SUMMER HEAT, DROUGHT AND DISEASE CAN BE DAMAGING
Many lawns are going through a stressful period right now, high temperatures are very tough on turf. Combine the heat with long stretches of little or no rainfall, and lawns will start showing signs of heat and drought stress in no time.
If your grass is bluish-green in color, or if our footprints remain in the turf after you’ve walked on it, these are sure signs that your lawn can us some help. In severe case, turf can go into a dormant state with the entire lawn turning brown.
WATER PROPERLY TO AVOID STRESS
The best way to prevent heat and drought stress is to give your lawn plenty of water. As a general rule, your turf needs from 1” to 1 ½ “ of water per week from rainfall or sprinkling.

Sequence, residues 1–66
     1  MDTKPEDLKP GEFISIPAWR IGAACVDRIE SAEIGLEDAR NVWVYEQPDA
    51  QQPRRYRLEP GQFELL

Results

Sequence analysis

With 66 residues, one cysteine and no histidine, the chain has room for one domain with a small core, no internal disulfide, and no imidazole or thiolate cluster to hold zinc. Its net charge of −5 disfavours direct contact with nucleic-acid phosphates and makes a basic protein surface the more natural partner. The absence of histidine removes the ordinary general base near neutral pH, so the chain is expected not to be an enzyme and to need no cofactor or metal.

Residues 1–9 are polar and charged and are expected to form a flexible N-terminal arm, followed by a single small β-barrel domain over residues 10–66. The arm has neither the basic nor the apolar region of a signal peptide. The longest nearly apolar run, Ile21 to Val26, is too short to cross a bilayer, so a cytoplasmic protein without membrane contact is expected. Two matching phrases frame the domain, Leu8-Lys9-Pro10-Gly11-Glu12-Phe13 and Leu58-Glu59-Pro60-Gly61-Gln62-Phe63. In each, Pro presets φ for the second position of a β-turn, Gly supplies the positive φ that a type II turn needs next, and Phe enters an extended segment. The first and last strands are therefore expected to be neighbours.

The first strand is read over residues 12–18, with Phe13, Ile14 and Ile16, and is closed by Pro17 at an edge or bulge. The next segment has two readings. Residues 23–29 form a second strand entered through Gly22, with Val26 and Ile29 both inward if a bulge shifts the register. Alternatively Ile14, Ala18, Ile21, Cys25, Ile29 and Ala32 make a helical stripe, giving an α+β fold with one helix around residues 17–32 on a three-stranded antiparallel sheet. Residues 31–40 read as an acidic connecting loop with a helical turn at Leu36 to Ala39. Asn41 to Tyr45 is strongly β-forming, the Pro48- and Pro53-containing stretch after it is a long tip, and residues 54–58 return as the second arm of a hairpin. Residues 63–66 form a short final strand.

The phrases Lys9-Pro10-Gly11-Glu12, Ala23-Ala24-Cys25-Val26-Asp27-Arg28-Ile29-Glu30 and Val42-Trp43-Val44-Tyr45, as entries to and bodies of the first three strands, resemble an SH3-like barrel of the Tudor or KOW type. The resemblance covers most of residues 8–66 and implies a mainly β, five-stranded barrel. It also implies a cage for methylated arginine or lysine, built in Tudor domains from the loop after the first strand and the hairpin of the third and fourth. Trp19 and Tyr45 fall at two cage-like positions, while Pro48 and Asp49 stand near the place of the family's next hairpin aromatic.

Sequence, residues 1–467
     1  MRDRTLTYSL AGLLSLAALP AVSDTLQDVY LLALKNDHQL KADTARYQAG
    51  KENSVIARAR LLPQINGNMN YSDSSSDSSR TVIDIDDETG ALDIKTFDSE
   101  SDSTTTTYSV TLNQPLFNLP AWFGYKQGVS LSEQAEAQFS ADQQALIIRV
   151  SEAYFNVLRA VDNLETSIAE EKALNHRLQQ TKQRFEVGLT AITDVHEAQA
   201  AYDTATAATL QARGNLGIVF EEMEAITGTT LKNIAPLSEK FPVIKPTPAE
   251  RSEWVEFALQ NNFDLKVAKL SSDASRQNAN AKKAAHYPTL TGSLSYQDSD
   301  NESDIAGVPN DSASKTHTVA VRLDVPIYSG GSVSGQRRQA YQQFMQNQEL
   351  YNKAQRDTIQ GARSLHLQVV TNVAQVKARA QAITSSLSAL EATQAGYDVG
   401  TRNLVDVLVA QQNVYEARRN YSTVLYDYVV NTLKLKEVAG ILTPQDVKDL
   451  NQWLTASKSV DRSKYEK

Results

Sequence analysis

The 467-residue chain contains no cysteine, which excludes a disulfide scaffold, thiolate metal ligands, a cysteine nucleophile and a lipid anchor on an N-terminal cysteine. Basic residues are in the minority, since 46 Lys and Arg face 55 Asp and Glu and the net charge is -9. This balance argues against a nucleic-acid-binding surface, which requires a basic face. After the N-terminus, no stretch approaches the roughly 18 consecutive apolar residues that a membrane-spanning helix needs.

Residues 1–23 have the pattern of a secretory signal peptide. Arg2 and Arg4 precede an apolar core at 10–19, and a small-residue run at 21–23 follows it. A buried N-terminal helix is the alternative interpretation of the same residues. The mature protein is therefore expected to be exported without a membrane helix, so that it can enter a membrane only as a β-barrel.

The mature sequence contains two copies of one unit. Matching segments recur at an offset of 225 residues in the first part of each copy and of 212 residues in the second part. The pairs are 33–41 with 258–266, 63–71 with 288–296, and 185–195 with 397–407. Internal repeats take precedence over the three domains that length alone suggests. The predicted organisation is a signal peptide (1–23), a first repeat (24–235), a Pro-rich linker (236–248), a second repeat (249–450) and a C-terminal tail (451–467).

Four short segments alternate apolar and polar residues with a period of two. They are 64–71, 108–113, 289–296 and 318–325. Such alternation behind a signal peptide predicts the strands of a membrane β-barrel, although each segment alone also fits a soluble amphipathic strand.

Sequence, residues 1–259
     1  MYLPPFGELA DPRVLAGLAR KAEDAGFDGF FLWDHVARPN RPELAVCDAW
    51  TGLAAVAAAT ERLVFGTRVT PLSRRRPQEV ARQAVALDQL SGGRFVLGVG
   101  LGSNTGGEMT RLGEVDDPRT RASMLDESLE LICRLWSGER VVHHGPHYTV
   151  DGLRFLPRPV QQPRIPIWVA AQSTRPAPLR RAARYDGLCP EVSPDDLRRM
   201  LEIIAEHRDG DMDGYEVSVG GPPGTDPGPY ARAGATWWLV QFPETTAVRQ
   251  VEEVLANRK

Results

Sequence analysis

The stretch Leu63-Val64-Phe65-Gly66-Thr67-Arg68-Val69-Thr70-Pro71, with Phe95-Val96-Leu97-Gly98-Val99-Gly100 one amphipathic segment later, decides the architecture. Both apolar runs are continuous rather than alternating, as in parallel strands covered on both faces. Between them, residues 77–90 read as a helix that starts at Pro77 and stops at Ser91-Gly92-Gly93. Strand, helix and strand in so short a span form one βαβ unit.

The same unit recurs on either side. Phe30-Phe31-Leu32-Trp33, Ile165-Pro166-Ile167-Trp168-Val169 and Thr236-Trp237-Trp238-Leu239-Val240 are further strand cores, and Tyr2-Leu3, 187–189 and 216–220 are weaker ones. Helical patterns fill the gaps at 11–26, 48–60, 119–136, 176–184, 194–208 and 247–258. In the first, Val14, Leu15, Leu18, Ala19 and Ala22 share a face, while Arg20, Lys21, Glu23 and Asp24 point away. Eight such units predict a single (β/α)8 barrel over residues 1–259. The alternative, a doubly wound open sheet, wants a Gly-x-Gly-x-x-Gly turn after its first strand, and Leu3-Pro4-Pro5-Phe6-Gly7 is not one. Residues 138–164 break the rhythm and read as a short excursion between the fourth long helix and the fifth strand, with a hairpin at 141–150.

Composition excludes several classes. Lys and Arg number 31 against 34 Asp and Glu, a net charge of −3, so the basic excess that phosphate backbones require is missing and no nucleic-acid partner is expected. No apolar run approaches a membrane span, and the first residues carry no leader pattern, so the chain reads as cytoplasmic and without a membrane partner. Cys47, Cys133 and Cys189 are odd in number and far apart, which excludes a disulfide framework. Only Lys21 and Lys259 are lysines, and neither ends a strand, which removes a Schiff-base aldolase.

When sprinkling, it’s important to let water soak in to a depth of 6” so that enough moisture reaches the roots. Less frequent, deeper watering is more beneficial than frequent, shallow sprinklings. Also, it’s best to water during the cooler parts of the day when less water will evaporate in the sun’s heat.
WHAT IF YOUR LAWN STILL LOOKS STRESSED?
If you are watering properly and your lawn still looks unhealthy, a summer turf disease may be to blame. Symptoms of turf disease usually involve spots on grass blades that vary in size and color.
Unlike heat and drought stress, which can affect the whole lawn at once, diseases affect only small portions of turf at first. They then work themselves outwards as they spread, creating areas with major damage bordered by areas with minor damage. It’s important to tend to lawn diseases as soon as possible after they’re discovered to keep them in check and prevent further damage from occurring.
Summer can be intense, but your lawn doesn’t have to suffer. Proper watering and disease control (if necessary) can make the season much more tolerable.